Prior to last October, Allison had never started a game for the Cougars. He made up for lost time over the final two-thirds of 2014. Allison replaced Tana Pritchard at weakside in Week 4 and never left the starting lineup. The 6-2, 228-pounder from Los Angeles ended up second on the team with 78 tackles, including 8.5 stops for minus yards and 3.5 sacks. More than just an athlete, Allison excels in the classroom and is a member of the AFCA Good Works Team for his efforts in the community.
4. WR Gabe Marks, Jr.
Marks is back following a redshirt season, determined to pick up where he left off. In his first two seasons out of Venice (Calif.) High School, he caught 123 balls for 1,367 yards and nine touchdowns, posting career-best numbers as a sophomore. The 6-0, 190-pound Marks is a dynamic all-around athlete and playmaker. But he needs to polish up his performance, on and away from the field. Drops and fading production became issues late in Marks’ second year, as did a general lack of maturity.
5. DE Kache Palacio, Sr.
Palacio does one thing really well—get after the quarterback—which is why he’s been a natural fit at rush end, a blend of outside linebacker and end. He operates with so much intensity and fearlessness that it often overshadows an unpolished set of fundamentals. The 6-2, 235-pound Palacio simply wants to see the man and then blow up the man, particularly in the backfield. In his first year as a full-timer, he made 57 tackles, nine stops behind the line and a Cougar-best 6.5 sacks.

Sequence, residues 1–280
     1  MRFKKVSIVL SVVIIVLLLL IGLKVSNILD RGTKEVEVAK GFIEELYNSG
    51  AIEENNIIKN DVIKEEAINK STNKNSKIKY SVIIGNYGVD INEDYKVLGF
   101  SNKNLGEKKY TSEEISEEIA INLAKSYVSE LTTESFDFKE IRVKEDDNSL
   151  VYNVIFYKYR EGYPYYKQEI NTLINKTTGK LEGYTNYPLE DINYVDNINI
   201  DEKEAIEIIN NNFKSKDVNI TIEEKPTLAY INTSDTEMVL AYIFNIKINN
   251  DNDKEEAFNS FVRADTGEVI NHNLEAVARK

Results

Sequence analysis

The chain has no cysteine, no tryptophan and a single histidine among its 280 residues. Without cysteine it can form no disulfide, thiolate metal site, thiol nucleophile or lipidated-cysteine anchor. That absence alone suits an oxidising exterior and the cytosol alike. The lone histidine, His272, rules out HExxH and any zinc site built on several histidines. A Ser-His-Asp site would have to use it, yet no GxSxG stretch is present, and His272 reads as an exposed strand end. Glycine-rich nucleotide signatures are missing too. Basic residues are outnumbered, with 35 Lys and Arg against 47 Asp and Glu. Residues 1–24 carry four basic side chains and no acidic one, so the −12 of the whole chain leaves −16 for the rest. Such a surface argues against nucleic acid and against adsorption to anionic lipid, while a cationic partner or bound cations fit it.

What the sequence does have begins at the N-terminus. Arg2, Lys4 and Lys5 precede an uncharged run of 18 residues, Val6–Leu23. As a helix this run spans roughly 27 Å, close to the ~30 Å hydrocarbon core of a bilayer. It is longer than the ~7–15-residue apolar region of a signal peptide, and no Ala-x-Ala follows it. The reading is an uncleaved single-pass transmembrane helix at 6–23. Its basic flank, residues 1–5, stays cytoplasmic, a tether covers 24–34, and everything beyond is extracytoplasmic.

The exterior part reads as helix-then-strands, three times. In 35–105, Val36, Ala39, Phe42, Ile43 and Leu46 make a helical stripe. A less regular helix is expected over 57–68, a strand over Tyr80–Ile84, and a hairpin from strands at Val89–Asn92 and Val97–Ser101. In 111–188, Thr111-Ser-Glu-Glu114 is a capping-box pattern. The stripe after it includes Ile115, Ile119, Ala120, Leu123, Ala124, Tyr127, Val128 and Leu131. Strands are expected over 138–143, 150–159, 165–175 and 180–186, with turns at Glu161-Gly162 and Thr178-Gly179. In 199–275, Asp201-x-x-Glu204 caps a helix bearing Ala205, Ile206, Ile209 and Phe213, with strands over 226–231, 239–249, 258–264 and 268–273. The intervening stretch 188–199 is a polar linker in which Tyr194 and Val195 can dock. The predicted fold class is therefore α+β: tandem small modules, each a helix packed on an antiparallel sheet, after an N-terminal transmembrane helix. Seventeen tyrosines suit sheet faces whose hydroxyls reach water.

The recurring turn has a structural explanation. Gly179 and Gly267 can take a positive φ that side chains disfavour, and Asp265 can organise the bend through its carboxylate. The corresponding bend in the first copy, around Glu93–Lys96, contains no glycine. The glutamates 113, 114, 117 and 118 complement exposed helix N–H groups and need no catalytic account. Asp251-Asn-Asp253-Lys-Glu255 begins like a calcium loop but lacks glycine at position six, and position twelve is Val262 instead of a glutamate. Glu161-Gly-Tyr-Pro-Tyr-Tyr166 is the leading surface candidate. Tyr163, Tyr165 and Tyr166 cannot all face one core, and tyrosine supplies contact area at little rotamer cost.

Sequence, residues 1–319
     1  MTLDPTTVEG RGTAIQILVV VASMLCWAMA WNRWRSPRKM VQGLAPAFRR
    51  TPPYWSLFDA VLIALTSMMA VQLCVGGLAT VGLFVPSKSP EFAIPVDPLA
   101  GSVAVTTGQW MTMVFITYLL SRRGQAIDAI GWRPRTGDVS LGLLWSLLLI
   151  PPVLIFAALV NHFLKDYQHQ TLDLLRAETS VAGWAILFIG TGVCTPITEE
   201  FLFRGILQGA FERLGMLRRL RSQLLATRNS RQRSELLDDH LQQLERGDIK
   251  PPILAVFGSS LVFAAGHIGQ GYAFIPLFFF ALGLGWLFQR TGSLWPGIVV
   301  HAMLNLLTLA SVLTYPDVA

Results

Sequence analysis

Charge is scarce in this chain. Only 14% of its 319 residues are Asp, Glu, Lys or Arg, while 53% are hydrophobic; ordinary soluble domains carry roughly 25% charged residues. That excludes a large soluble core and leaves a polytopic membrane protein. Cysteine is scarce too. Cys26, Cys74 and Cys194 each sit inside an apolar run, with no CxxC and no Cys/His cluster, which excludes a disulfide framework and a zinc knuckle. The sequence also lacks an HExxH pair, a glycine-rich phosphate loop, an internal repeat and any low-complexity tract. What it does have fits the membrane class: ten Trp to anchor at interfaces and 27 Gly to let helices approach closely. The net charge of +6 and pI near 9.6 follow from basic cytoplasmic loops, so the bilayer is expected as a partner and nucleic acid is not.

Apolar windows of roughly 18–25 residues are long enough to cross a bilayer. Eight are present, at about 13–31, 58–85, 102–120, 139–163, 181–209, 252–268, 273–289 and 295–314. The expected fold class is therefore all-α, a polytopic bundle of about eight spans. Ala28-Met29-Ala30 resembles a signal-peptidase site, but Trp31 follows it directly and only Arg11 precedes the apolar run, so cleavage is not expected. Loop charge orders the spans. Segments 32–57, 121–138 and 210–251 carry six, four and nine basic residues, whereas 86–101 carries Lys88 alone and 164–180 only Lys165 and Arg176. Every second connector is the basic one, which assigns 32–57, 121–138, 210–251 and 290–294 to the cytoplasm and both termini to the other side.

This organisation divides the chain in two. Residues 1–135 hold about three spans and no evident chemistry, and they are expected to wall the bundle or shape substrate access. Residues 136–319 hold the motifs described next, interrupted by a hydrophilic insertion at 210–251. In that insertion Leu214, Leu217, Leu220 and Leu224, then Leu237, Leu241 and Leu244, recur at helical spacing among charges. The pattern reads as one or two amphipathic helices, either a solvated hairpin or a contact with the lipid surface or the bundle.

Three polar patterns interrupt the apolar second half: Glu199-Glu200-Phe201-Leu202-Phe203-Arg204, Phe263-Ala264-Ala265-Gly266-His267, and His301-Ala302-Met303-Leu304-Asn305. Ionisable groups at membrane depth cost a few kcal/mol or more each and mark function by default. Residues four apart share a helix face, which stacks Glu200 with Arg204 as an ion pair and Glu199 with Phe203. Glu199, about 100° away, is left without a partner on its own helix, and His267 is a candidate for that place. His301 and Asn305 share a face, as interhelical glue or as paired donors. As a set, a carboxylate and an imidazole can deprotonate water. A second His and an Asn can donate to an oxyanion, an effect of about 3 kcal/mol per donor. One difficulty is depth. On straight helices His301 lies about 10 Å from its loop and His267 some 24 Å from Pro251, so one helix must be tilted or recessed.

6. OT Joe Dahl, Sr.
On an offensive line that’s steadily improving and gaining seasoning, Dahl is the best of the bunch. He’s started 25 consecutive games as a Cougar, consistently being voted the team’s best blocker last fall. The 6-4, 302-pound former Montana transfer didn’t allow a sack from left tackle until late in the year to earn honorable mention All-Pac-12 recognition. While Dahl is built like a guard, he has the feet of a tackle at this level.